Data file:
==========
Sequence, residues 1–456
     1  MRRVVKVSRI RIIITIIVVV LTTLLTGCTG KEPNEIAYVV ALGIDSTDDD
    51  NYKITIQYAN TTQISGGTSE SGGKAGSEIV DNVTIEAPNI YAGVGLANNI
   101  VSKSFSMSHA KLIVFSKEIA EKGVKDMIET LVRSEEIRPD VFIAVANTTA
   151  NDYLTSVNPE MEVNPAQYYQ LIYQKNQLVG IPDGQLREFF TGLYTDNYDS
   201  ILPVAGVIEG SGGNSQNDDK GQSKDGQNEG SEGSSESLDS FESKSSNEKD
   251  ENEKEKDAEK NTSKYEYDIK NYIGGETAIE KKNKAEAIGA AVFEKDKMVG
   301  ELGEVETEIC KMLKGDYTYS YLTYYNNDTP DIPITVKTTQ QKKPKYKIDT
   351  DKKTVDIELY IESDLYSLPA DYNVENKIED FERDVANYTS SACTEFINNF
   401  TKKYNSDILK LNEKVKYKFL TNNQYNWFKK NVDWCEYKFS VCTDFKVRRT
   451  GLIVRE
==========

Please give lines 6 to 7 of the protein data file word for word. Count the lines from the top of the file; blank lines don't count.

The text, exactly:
   201  ILPVAGVIEG SGGNSQNDDK GQSKDGQNEG SEGSSESLDS FESKSSNEKD
   251  ENEKEKDAEK NTSKYEYDIK NYIGGETAIE KKNKAEAIGA AVFEKDKMVG